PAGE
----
“Taps” is a musical piece sounded at dusk, and at funerals, particularly by the U.S. military. It is played during flag ceremonies and funerals, generally on bugle or trumpet, and often at Boy Scout and Girl Scout/Guide meetings and camps. The tune is also sometimes known as “Butterfield’s Lullaby”, or by the first line of the lyric, “Day is Done”.
I tell you a mystery. We shall not all sleep, but we shall all be changed, in a moment, in the twinkling of an eye, at the last trumpet. For the trumpet will sound, and the dead will be raised imperishable, and we shall be changed — Corinthians 15:51,15:52
History of Taps
The tune is actually a variation of an earlier bugle call known as the Scott Tattoo which was used in the U.S. from 1835 until 1860, and was arranged in its present form by the Union Army Brigadier General Daniel Butterfield, an American Civil War general and Medal of Honor recipient who commanded the 3rd Brigade of the 1st Division in the V Army Corps of the Army of the Potomac while at Harrison’s Landing, Virginia, in July 1862 to replace a previous French bugle call used to signal “lights out”. Butterfield’s bugler, Oliver W. Norton, of Erie, Pennsylvania, was the first to sound the new call. Within months, Taps was used by both Union and Confederate forces. It was officially recognized by the United States Army in 1874.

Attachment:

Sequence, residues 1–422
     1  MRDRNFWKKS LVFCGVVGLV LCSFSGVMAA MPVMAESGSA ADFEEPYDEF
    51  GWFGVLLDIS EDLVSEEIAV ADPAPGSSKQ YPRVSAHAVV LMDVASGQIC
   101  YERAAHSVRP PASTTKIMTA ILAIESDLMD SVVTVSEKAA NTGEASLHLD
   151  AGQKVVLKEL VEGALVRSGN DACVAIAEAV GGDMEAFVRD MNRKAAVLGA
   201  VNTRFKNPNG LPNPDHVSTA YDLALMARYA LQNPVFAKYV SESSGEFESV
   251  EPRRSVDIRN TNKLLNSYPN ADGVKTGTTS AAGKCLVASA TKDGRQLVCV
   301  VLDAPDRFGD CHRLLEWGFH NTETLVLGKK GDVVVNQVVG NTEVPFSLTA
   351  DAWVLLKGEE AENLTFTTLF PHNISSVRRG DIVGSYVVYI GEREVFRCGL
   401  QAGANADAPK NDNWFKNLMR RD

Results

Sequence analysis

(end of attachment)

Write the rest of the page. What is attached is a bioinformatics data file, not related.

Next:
“Taps” concludes many military funerals conducted with honors at Arlington National Cemetery, as well as hundreds of others around the United States. The tune is also sounded at many memorial services in Arlington’s Memorial Amphitheater and at grave sites throughout the cemetery. see original.
Lets we forget